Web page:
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Exploring Light and Shadow Phenomena

Introduction:

Place lamp with clear oblong bulb with long filament in front of white board covered with a piece of chart paper (chart paper disperses the light and prevents white board from acting like a mirror).

• How would you describe this light bulb?

•What do you predict you will see when we turn on the light?
• Why do you think that?(some will say light spread all over chart paper, some will predict image of the filament like a mirror).

• What are the ideas that you have just heard expressed? What are the possibilities for what people are expecting to see?

Plug in lamp.

• What do you see? (everyone can see the lit lamp; the light is dispersed all over the chart paper)

Interpret ‘powerful idea’: observation that everyone can see the light and that the light is dispersed all over the chart paper suggests that light left the filament in all directions. Powerful idea: light leaves a light source in all directions.

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s6308995powerfulideasaboutlight.jpg

Activity:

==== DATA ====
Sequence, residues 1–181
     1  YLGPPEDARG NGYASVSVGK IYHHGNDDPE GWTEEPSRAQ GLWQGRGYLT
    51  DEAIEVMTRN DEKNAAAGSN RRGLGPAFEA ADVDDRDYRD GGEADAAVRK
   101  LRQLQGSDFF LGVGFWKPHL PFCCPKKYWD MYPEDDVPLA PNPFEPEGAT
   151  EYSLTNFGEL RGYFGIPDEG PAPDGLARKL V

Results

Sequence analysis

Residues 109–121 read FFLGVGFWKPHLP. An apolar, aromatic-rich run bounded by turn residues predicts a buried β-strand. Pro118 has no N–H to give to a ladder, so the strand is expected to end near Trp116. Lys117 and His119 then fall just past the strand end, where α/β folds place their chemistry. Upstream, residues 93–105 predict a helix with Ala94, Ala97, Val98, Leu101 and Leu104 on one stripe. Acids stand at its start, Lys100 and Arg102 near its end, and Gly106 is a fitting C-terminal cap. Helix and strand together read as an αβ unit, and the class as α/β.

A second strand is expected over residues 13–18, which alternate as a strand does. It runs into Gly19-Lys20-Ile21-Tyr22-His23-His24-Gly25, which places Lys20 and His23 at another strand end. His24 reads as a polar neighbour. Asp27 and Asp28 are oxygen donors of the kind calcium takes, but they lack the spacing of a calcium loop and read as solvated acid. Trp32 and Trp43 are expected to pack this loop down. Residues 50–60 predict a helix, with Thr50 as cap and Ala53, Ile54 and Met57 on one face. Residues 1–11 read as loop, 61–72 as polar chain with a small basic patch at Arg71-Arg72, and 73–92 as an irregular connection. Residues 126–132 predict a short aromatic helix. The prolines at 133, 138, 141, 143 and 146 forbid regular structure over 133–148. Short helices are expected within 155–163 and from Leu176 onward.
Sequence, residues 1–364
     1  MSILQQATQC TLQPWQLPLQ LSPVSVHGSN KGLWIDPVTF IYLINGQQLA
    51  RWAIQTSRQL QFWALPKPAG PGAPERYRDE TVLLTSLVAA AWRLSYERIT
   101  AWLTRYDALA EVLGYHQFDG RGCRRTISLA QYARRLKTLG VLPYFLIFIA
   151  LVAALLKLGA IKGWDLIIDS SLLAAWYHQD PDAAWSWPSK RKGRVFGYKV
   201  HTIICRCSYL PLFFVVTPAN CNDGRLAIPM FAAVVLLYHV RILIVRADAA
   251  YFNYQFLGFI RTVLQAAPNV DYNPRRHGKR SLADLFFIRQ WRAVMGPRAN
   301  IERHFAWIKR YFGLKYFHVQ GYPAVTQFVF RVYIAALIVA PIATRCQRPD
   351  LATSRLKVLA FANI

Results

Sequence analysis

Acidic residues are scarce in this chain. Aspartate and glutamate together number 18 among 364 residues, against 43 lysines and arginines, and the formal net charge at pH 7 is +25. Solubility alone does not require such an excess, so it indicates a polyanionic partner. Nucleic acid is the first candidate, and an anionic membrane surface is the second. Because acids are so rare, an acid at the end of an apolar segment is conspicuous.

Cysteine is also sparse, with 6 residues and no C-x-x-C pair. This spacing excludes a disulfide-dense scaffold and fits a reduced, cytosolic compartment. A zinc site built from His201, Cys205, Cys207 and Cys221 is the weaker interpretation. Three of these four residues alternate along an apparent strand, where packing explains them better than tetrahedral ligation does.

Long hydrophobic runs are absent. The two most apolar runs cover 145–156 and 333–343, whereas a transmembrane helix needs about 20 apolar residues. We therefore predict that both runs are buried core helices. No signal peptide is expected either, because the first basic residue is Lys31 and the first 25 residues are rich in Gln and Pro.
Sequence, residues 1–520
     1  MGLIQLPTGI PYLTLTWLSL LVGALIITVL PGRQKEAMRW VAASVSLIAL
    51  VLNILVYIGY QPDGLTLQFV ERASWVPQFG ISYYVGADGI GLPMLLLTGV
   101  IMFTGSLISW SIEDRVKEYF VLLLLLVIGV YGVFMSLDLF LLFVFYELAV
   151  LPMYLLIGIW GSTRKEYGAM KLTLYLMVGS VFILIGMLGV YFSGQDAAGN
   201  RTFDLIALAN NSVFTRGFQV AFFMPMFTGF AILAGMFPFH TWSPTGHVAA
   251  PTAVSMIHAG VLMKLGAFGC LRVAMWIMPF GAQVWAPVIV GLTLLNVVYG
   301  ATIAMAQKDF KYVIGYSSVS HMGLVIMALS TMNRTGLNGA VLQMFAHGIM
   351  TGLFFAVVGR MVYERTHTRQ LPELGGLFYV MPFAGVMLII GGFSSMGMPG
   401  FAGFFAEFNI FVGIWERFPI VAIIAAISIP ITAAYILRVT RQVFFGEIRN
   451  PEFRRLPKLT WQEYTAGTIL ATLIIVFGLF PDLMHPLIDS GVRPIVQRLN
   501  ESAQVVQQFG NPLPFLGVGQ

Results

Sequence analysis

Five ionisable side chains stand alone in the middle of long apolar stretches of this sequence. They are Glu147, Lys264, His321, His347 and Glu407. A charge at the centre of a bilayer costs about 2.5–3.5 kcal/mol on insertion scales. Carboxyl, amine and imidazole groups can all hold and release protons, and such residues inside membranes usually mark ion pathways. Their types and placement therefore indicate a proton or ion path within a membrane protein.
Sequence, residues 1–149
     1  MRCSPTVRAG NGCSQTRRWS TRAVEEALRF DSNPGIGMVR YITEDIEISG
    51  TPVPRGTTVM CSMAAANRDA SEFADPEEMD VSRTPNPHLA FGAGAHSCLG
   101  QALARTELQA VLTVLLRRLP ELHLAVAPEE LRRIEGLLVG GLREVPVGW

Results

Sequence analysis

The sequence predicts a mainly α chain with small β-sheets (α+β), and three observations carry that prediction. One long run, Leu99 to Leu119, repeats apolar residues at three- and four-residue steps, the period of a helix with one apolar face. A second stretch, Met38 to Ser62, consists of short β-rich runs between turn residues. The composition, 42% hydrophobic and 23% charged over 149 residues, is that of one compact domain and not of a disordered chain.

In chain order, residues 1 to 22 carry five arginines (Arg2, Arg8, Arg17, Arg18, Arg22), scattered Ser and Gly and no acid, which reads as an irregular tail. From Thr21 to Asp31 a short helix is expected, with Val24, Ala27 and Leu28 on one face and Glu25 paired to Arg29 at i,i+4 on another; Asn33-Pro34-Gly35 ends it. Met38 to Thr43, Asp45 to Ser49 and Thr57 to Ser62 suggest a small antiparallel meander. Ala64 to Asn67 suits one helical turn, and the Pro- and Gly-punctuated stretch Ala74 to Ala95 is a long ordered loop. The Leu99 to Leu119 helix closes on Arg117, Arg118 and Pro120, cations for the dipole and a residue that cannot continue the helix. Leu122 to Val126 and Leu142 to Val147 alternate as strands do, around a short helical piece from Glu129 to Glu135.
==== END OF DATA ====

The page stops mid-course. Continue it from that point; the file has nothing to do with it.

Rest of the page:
A. Small group discussion:

• What is a shadow?

• What conditions are necessary for a shadow to be formed?

B. Large group discussion:

What is a shadow? What conditions are necessary for a shadow to be formed?

Powerful idea: There are two kinds of shadows:

a) object blocks light from shining on a nearby surface (ground, wall, table…)

b) object blocks light from shining on the back side of the object itself

C. Here is a light source (frosted incandescent lamp), a rectangular object, and screen.

• Where do you think the shadow of the object will appear?

• Draw a diagram that represents your idea about how and where a shadow is formed.

• Turn on lamp. Observe where the shadow is. (use meter stick to trace path from light bulb past obstacle to edge of shadow)

Powerful idea: Light travels in straight lines

Homework:

Distribute piece of cardboard to each student and invite explore at home with friend or family member. What can you find out about shadows?

Make a shadow on the screen that is somewhat larger but the same shape as your board or cardboard cutouts.

Why does the shadow on the screen have the same shape as your board and cutouts?

Can you make the shadow region on the screen larger than the present shadow you have made?

Can you make it the same size? Can you make it much smaller?

(Next class: Each group prepares a presentation on a large whiteboard to present findings to whole group)


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